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A new way to get broken studs out....


JimAttrill
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You may all know about this but it was news to me....

We often get broken studs, especially TD5 exhaust manifold studs and rocker shaft bolts. These last are not easy to get out as they are 10.9 hardness.

So we bought a 6mm Left-Hand twist drill. (I didn't even know they made such a thing). Used in a reversible air drill it has successfully removed three broken studs in the last week without using stud extractors. Just whizzes the stud out of the hole.

Wasn't cheap though :blink:

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Of course you need a reversible drill, which seems to mean it has to be an air drill, so you need a compressor, etc. Unless you can get reversible electric drills? Apart from hammer drills we prefer the air-driven stuff anyway.

For the cost of the one 6mm LH drill bit we could have bought a complete set of 1-11mm drills! But it works so well we don't worry about the price. And being a workshop we will use it often. For a private owner it is an expensive option.

That drill set from Northern Tools is incredibly cheap compared to what we had to pay. As you say, quality is not really required, it just has to grab backwards.

You learn something new every day, and I have been in the engineering business since 1964 ha ha :)

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Most battery hand drills are reversible as they can be used for screw driving as well :)

As do a lot of mains powered drills these days. The Bosch I bought a couple of weeks ago is reversible (and a very nice drill - I think Screw Fix still have them on special offer for about £55).

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That drill set from Northern Tools is incredibly cheap compared to what we had to pay. As you say, quality is not really required, it just has to grab backwards.

You learn something new every day, and I have been in the engineering business since 1964 ha ha :)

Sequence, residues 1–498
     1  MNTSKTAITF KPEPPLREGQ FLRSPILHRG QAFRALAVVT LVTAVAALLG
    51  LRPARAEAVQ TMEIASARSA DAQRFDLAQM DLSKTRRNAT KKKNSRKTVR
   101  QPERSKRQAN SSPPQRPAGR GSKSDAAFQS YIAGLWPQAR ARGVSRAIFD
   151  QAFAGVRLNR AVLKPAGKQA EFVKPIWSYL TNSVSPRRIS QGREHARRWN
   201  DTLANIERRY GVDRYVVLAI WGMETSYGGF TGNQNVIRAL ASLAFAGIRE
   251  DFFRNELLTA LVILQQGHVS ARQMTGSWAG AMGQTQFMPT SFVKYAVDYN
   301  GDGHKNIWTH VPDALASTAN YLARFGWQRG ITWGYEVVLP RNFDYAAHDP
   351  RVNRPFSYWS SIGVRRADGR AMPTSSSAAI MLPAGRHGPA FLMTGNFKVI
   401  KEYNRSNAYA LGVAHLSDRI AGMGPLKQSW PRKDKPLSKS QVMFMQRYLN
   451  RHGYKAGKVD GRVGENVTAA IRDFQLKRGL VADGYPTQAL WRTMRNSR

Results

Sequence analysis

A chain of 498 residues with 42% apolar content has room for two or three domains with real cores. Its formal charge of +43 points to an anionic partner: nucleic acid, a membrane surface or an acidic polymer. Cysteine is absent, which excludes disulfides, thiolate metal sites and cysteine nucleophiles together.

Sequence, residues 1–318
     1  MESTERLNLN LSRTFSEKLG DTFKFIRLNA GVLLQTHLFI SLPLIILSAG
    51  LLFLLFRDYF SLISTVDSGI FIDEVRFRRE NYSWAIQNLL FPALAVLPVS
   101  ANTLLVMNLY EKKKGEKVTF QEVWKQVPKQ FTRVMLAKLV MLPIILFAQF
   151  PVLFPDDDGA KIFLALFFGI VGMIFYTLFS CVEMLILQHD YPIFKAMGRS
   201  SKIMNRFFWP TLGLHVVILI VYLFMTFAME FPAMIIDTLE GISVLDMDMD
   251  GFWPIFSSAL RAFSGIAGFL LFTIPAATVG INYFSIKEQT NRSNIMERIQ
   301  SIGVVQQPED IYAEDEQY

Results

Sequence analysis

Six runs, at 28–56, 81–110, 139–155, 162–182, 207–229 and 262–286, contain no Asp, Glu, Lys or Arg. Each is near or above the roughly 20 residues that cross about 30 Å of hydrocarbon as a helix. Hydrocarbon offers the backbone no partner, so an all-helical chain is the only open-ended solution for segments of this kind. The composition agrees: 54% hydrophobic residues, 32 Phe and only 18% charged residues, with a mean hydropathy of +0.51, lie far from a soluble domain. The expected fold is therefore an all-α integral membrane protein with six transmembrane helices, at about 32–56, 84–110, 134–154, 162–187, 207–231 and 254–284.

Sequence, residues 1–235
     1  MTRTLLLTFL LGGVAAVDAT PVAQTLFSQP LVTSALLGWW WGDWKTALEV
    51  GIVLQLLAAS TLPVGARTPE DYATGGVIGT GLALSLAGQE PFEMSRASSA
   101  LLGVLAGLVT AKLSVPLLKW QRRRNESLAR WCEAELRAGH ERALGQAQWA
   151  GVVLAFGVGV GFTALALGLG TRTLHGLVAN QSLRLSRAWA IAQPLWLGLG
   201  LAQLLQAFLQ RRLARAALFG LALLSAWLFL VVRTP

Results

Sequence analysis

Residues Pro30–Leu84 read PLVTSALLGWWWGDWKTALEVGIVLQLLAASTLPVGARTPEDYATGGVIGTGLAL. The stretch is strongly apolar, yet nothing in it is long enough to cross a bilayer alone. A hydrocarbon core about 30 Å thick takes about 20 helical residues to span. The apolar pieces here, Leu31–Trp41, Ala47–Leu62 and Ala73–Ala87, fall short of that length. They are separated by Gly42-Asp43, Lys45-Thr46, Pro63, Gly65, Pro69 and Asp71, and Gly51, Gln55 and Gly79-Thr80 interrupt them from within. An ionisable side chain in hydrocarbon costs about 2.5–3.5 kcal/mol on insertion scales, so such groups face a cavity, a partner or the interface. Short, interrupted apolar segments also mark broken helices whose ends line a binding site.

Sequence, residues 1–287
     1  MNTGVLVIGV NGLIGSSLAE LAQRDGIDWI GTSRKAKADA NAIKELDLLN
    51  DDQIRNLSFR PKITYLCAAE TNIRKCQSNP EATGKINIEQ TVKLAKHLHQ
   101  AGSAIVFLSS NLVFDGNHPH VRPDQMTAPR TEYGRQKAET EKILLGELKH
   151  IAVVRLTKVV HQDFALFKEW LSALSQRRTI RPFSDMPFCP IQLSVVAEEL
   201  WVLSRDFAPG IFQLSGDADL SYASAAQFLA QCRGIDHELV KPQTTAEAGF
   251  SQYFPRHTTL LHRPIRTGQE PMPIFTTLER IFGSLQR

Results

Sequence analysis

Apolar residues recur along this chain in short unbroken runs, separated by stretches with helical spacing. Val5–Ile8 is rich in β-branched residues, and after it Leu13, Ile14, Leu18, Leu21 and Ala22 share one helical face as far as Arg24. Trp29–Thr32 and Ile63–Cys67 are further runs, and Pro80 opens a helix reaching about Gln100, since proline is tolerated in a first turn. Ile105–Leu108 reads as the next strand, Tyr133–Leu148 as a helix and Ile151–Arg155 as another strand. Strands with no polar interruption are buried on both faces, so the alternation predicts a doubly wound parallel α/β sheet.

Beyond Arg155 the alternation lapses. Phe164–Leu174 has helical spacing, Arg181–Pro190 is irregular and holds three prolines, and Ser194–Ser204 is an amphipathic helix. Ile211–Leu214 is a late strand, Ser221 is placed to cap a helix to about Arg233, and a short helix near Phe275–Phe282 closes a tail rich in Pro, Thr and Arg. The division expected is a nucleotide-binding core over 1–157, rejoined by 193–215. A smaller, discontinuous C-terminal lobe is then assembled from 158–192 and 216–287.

I keep a set in my (electronics) toolbox for work. Lots of stainless M3 pozis that always get the heads chewed off by clumsy assemblers. Won't tell the clients where I got them though. As the old joke goes...$1 for the chalk mark, $19999 for knowing where to put it :lol:

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In a discussion with my colleague we came to the conclusion that removing broken studs is the only use for LH drills. Unless you need Left handed holes :)

Left-hand drills used in the repetition engineering industry on screw machines or drilling heads. Left-handed drills allow a machining operation to continue when the spindle either cannot be reversed or where the design of the machine makes it more efficient to run left-handed. With the increased use of the more versatile CNC machines their usage is less common than when specialised machines were required for machining tasks.

Also very good to give to Apprentice's :rofl:

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Hi Warthog, my mate and I agreed on the two reasons you put forward above. I don't know much about automatic lathes but did think that maybe they might sometimes need a left hand drill.

And as for fooling apprentices: "here sonny drill these 20 holes before lunchtime" :hysterical:

When I was apprentice I was sent for 'a long wait' at the stores. I came back 1 min before knocking off time. That taught 'em :)

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